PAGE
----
SHEPHERD Wheel in the Porter Valley has rolled again for the first time in 16 years.
A reminder of Sheffield’s industrial history dating back to the 1600s, it has been repaired and given a test run as a community campaign to see it back in action for the benefit of schools and other visitors nears its end.
The Friends of the Porter Valley, who have been working on the project with the council, are aiming to see the wheel and its two grinding workshops open to the public again early next year.
The building at the bottom of Bingham Park will be run by Sheffield Industrial Museums Trust, which already operates Kelham Island Museum and Abbeydale Industrial Hamlet.
Experts and volunteers will explain the history and how knives, scythes and scissors were made next to the River Porter. The building still contains complete sets of machinery for cutlery production.
Now that repairs have been carried out to the wheel and machinery and the dam has been rebuilt, an education centre and toilets are next to be built.
Teams from SIMT, Friends of the Porter Valley, the council and York Archaeology Trust are designing education and visitor programmes and there will be a celebratory opening. Before then, the Friends will hold a volunteer clean-up day clearing the scrub along the dam path.
“I am afraid the wheel is not going to turn again for several weeks because the reconstruction work has turned the mill into something of a building site again,” said Ann le Sage, who chairs the Friends. “But it will certainly turn again in 2012.”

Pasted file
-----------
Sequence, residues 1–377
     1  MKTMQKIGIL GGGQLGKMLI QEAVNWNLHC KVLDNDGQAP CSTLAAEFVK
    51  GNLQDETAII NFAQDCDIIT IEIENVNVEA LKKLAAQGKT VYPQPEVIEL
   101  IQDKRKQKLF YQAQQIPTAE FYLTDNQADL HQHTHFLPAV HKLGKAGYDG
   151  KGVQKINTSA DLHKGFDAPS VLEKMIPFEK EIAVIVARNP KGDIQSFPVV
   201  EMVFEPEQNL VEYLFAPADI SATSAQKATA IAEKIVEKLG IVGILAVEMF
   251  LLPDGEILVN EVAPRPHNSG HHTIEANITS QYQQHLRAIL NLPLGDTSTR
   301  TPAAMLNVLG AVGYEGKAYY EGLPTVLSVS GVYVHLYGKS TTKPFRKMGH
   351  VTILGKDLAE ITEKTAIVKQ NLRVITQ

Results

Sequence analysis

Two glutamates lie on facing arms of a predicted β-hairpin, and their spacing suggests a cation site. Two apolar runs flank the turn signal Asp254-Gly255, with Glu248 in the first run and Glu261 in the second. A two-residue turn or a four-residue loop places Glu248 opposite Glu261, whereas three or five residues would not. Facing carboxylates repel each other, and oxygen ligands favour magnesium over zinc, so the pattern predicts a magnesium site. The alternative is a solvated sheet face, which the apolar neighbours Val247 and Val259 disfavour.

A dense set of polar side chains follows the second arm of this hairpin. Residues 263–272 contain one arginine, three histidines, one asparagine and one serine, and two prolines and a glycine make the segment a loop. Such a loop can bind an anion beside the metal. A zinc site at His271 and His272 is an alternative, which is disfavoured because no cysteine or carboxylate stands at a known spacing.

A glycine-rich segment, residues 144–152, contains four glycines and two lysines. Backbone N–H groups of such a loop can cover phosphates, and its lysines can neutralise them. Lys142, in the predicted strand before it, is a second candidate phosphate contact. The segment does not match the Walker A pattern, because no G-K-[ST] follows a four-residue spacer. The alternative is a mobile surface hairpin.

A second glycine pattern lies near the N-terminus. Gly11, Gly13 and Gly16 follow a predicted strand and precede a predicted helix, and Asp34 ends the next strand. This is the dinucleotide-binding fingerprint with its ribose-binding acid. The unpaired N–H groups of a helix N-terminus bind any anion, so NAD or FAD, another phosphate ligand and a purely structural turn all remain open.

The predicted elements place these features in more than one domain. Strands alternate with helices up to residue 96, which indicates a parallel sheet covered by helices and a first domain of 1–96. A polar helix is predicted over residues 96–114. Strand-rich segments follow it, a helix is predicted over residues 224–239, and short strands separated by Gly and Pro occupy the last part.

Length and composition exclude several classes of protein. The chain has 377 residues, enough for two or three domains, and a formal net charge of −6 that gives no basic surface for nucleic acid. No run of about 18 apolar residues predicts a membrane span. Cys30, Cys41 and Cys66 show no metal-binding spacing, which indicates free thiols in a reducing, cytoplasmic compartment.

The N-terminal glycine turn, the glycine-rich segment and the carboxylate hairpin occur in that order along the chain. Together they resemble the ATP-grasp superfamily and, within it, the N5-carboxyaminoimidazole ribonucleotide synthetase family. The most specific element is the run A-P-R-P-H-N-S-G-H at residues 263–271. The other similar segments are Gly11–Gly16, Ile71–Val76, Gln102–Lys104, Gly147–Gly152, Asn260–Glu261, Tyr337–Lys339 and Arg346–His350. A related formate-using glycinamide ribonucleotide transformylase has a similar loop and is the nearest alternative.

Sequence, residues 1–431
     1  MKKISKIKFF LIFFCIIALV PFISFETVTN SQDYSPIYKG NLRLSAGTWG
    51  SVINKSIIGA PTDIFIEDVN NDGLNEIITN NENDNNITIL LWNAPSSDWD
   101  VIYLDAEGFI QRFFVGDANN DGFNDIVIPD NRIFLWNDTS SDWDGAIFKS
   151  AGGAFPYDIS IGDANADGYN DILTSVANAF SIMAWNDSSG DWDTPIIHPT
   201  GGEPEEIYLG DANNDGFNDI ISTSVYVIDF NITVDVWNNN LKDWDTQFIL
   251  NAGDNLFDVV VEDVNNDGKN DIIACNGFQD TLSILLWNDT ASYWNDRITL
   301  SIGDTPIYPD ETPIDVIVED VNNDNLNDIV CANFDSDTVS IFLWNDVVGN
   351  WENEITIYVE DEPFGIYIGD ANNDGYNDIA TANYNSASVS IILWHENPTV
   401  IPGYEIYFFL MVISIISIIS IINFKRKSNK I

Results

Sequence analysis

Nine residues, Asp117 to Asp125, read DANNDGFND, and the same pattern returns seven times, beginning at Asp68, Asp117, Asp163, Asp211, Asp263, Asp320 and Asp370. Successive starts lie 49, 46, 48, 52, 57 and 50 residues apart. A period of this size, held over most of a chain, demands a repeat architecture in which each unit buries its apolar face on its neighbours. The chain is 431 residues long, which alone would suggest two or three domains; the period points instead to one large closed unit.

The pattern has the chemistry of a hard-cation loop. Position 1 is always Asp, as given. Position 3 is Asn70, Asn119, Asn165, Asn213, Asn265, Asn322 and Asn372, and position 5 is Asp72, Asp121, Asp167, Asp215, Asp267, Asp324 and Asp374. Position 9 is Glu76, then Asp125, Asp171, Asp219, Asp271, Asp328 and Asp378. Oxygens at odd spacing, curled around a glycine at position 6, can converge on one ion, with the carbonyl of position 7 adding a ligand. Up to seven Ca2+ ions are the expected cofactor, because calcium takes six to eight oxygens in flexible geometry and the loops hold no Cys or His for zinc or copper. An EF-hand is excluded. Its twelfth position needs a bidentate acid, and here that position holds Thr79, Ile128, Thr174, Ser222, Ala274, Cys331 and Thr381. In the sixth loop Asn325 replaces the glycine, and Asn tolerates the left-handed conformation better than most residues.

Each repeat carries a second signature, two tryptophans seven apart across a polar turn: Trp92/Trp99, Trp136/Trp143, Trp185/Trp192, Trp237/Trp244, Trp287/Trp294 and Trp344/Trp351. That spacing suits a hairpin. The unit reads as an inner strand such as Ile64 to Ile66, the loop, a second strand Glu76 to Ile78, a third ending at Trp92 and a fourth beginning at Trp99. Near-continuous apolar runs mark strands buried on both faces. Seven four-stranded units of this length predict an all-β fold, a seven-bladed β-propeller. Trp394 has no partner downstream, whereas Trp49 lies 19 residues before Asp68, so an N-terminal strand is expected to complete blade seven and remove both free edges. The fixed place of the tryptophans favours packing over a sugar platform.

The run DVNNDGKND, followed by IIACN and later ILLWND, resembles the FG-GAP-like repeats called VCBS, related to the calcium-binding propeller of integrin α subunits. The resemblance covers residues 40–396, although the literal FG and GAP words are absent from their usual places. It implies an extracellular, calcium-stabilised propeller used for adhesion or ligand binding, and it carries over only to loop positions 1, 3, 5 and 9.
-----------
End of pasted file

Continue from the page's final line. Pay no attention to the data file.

Shepherd Wheel is a Scheduled Ancient Monument and the city’s only remaining example of the early small-scale industry that was prevalent in the 1600s and 1700s.
It ceased commercial operation in the 1930s. A restoration project in the 1960s allowed it to open to the public at weekends but eventually the council ran out of money and the condition of the whole complex began to deteriorate.
Restoration is on the back of £500,000 grant from the Heritage Lottery Fund, with another £500,000 being raised by the Friends through fundraising and grants.
“We are very grateful to the people who have given us money,” said Ann. “There are people who have admired this place for years, but have not seen it function for at least 20 years. It is such a neat collection of small workshops and so evocative of a past age.
“It is so intimate you can imagine the grinders working here and dying in miserable circumstances at an early age. It’s a history that is fascinating for children.”